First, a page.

The Kabul Times.
Politics

7 & 8 Saur; two incidents with single outcome in Afghanistan history

By: Lailuma Noori

On 27 April 1978, parts of the Afghan army’s 4th Tank Brigade based in Pul-e Charkhi on the eastern outskirts of Kabul moved towards the former royal palace where President Muhammad Daud was residing. The tanks were ostensibly meant to protect the president. But actually, the tanks were on their way to topple Daud Khan. The tanks attacked first the ministry of defense and then the presidential palace also targeted by air strikes.
Daud Khan refused to capitulate and drew a pistol on the officers who came to arrest him. He was executed along with all 18 of his family members in the country at the time. The step was completely against the people of Afghanistan.
The ‘Saur (April) Revolution’ finally toppled Daud Khan and killed most of his family members. On the same day, the Hezb-e Democratic-e Khalq-e Afghanistan (People’s Democratic Party of Afghanistan, PDPA) took the power.
It was also Qader who, as the head of a Revolutionary Military Council, announced the success of the coup over national radio on the afternoon of 27 April. (According to one source, Watanjar read out the same text in Pashto.)
Two days later, the military council handed power over to a civilian government.
On 30 April, the first two decrees of the new government were published, announcing that PDPA leader Taraky was appointed head of state and prime minister. Karmal and Amin were made his deputies; Amin also was foreign minister.
All of them had been liberated by the military plotters on 28 April who knocked down the mud wall of Sedarat prison in central Kabul with their tanks. Amin was leading operations with a handcuff still around one wrist.
Qader became the PDPA’s first defence minister.
The country was renamed Democratic Republic of Afghanistan. The new regime allied itself with the Soviet Union, while claiming to be non-communist, and embarked on radical reforms.
8th Saur incident: The 8th of Saur, which is called the anniversary of the victory of the Islamic Revolution of Afghanistan, the Mojahedin managed to celebrate the fall of their government after years of fighting the Soviet Red Army and the then government December, 26,1979.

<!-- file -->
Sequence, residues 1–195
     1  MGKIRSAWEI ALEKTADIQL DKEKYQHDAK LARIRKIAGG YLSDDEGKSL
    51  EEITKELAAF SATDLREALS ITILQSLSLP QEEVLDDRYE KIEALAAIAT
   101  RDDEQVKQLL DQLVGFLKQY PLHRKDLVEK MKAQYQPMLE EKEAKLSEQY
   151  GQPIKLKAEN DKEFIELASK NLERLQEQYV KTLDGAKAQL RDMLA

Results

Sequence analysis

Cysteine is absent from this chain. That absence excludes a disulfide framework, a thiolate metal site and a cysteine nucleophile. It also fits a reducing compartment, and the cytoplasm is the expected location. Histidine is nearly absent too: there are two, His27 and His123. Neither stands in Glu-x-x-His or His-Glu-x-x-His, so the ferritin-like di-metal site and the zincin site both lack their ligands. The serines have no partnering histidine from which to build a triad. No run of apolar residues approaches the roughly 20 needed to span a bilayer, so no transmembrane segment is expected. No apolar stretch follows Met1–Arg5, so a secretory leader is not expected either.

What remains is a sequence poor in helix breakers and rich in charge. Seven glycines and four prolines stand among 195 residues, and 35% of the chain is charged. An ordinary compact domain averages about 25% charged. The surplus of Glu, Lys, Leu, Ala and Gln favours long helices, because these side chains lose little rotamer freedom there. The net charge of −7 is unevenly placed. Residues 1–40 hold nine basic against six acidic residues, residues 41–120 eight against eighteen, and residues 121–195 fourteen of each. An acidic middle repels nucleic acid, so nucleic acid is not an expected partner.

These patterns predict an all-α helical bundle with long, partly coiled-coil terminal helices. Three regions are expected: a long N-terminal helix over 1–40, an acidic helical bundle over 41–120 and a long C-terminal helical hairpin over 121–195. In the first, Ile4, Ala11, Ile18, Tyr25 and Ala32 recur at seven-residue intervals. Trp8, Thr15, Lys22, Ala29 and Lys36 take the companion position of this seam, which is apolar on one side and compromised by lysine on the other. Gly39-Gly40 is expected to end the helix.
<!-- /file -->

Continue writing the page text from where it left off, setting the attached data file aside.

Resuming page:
The communist coup on April 28, 1978, became a good platform for the Soviet Red Army to invade Afghanistan, and on the country was invaded by the Red Army. With the Soviet occupation of Afghanistan, the resistance of the Muslim people of this country, which had long begun against the coup government, gradually increased.
After the withdrawal of Soviet troops from Afghanistan, the Najibullah regime resisted until Saur in 1992, but eventually fell, and on the night of Saur 8, the news of Najibullah’s removal from power was announced.
With the fall of Najibullah’s government, the transitional government of the Mojahedin, which had announced its presence in Peshawar, Pakistan, led by Sabghatullah Mujaddedi, entered Kabul, and the Muslim Mujahideen of Afghanistan seized power on April 29, 1992.
And this is how the victory of the Islamic Revolution in Afghanistan was celebrated, although civil wars soon broke out and Afghanistan entered another phase of political crisis. The people of Afghanistan believe that the 7th and 8th Saur were two different incidents with a single outcome which has brought catastrophes, migration and civil wars nothing else.

 

 

 

Related posts

This website uses cookies to improve your experience. We'll assume you're ok with this, but you can opt-out if you wish. Accept Read More

The Kabul Times.